February 06, 2015

Apparently, some Massachusetts Republicans are a bit disgruntled over many of Governor Baker’s staffing choices so far.  How could these Republicans not have seen this coming? Apparently, they thought Baker’s dog whistle on welfare reform was a coded message assuring them that everything else he said on the campaign trail was a ruse. 

Governor Baker is appointing lots of Democrats to his administration for the same reason he bent over backward in his campaign to avoid taking conservative policy positions; because he wanted to be elected Governor in a liberal state based on his credentials as a successful leader and manager who would bring greater efficiency and effectiveness to the administration of liberal government policies and programs. 

By appointing lots of Democrats, Baker is living up to his promises on the campaign trail.  He’s the chief executive officer of a liberal state government. In order to succeed in making it a more efficient and effective liberal state government, he needs good managers willing and able to focus on improving the management of state agencies and programs, not on changing the policy direction of those agencies and programs.  Changing the management culture is an ambitious aim that would be near impossible if the governor also tried to chart a substantively different policy path at the same time.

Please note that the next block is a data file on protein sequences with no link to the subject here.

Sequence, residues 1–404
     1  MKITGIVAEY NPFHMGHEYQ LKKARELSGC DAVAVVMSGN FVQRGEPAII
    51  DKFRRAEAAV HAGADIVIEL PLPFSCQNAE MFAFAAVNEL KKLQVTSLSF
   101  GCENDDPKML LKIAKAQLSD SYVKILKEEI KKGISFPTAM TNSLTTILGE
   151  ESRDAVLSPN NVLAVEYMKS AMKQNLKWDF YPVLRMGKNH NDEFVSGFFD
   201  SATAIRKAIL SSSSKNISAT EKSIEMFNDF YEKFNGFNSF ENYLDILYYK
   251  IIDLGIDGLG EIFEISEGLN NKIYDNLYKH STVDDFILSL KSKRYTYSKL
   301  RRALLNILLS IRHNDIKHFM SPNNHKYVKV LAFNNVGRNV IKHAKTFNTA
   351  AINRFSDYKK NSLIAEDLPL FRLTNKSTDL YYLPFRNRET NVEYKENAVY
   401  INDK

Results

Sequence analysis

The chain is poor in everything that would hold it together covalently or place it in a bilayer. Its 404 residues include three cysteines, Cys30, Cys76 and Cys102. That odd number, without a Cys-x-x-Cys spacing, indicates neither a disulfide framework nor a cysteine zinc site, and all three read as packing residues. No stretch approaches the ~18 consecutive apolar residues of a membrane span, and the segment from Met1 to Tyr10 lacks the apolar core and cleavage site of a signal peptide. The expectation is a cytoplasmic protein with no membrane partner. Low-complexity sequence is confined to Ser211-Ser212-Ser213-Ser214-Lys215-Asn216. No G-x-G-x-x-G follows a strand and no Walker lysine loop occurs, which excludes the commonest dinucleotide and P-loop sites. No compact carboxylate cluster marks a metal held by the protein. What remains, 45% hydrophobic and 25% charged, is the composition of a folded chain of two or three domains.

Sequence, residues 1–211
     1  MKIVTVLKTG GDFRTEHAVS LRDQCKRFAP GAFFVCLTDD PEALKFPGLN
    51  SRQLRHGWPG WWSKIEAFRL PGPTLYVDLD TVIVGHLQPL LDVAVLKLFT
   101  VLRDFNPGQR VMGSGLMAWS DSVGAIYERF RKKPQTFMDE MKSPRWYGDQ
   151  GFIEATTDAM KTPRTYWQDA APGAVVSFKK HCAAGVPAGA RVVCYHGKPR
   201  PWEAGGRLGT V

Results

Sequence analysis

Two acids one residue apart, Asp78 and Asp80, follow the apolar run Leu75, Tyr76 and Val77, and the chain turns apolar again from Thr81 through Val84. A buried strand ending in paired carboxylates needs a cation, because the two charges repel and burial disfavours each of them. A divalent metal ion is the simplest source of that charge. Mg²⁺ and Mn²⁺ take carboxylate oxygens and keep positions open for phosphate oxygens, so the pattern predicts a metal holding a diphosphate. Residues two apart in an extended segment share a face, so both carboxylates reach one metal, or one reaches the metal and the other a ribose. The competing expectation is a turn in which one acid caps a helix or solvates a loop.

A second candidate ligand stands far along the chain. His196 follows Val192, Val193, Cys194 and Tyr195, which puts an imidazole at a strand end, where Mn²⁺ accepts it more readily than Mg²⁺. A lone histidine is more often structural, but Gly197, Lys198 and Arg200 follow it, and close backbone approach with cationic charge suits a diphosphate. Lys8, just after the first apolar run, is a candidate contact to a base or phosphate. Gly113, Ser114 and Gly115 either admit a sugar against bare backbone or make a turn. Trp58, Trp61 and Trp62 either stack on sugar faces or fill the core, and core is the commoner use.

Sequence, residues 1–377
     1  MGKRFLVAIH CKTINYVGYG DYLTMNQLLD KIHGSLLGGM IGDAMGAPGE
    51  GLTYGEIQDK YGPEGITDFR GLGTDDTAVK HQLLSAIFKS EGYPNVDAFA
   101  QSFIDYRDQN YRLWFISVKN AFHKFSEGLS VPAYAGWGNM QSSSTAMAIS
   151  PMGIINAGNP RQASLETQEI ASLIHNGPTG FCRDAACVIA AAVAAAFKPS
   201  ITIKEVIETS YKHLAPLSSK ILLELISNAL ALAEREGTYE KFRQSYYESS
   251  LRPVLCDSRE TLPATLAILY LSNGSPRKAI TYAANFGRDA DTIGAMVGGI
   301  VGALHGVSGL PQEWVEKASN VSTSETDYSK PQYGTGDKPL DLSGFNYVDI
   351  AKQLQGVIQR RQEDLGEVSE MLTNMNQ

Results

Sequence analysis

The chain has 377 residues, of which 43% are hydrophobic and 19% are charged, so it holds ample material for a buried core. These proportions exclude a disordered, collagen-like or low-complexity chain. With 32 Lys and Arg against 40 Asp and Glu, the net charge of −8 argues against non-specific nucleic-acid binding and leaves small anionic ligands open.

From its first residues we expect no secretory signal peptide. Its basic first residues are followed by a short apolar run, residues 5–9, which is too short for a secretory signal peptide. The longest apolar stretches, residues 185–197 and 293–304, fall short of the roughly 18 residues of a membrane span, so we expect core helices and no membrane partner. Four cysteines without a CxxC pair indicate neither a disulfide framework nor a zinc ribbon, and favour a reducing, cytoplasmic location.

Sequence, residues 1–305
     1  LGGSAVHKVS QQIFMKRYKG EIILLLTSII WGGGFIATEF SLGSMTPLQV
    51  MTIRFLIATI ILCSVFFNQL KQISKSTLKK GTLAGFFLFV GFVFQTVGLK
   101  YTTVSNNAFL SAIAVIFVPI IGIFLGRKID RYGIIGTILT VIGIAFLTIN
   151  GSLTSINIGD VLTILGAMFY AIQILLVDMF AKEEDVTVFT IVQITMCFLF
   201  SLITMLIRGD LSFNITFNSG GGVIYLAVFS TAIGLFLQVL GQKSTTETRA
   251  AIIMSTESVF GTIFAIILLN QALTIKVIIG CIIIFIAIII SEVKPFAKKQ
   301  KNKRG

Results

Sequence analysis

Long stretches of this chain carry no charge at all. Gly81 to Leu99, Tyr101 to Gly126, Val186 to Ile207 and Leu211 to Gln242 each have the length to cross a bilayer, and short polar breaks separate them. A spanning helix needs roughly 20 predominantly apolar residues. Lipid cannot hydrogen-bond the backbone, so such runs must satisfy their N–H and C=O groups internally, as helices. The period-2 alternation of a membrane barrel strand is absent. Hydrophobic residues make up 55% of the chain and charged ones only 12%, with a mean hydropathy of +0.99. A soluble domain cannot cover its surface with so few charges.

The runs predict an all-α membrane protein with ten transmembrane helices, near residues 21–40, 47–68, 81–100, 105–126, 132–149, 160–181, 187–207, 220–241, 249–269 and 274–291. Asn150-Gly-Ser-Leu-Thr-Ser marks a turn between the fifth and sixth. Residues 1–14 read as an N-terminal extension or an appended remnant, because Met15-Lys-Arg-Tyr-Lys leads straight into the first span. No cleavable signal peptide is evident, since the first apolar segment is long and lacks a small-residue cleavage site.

Both his substantive goals as governor and his re-election in 2018 require Baker to do just what he is presently doing with his executive branch staffing decisions.  I suspect that behind closed doors Governor Baker would assure his GOP doubters that his approach is in the long term political and policy interests of his party. By winning Democratic cooperation and trust in his effort to reform state government administration in his first term, he will be able to point to his four years of bipartisan progress in making government leaner and more effective in his bid for a second term.  

If the Republicans complaining about his appointments were interested in the health of their state party they would give Governor Baker quite a bit of slack here in the early going.  He is the first GOP Governor in quite a while who seems sincerely willing to make productive long term investments in state party building; investments much more likely to pay off if he becomes a successful two term governor.

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